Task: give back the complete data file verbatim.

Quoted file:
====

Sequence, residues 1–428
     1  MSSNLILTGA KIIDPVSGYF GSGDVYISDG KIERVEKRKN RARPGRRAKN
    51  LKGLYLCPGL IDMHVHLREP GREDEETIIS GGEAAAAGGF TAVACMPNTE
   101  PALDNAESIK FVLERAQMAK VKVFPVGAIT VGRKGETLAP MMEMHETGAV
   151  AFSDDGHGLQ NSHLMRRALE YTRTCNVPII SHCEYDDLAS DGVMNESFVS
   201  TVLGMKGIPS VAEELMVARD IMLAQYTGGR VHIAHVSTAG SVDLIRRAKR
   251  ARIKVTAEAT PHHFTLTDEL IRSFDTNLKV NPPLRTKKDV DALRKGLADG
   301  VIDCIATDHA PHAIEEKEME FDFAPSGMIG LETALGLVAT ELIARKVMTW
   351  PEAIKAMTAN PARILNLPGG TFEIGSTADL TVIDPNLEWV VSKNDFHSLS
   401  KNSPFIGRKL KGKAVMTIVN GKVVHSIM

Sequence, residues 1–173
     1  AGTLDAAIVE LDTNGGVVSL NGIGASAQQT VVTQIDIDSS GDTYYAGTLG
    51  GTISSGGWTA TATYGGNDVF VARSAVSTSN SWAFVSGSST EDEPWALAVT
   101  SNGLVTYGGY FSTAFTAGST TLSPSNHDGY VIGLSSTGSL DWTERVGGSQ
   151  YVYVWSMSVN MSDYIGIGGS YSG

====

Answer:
Sequence, residues 1–428
     1  MSSNLILTGA KIIDPVSGYF GSGDVYISDG KIERVEKRKN RARPGRRAKN
    51  LKGLYLCPGL IDMHVHLREP GREDEETIIS GGEAAAAGGF TAVACMPNTE
   101  PALDNAESIK FVLERAQMAK VKVFPVGAIT VGRKGETLAP MMEMHETGAV
   151  AFSDDGHGLQ NSHLMRRALE YTRTCNVPII SHCEYDDLAS DGVMNESFVS
   201  TVLGMKGIPS VAEELMVARD IMLAQYTGGR VHIAHVSTAG SVDLIRRAKR
   251  ARIKVTAEAT PHHFTLTDEL IRSFDTNLKV NPPLRTKKDV DALRKGLADG
   301  VIDCIATDHA PHAIEEKEME FDFAPSGMIG LETALGLVAT ELIARKVMTW
   351  PEAIKAMTAN PARILNLPGG TFEIGSTADL TVIDPNLEWV VSKNDFHSLS
   401  KNSPFIGRKL KGKAVMTIVN GKVVHSIM

Sequence, residues 1–173
     1  AGTLDAAIVE LDTNGGVVSL NGIGASAQQT VVTQIDIDSS GDTYYAGTLG
    51  GTISSGGWTA TATYGGNDVF VARSAVSTSN SWAFVSGSST EDEPWALAVT
   101  SNGLVTYGGY FSTAFTAGST TLSPSNHDGY VIGLSSTGSL DWTERVGGSQ
   151  YVYVWSMSVN MSDYIGIGGS YSG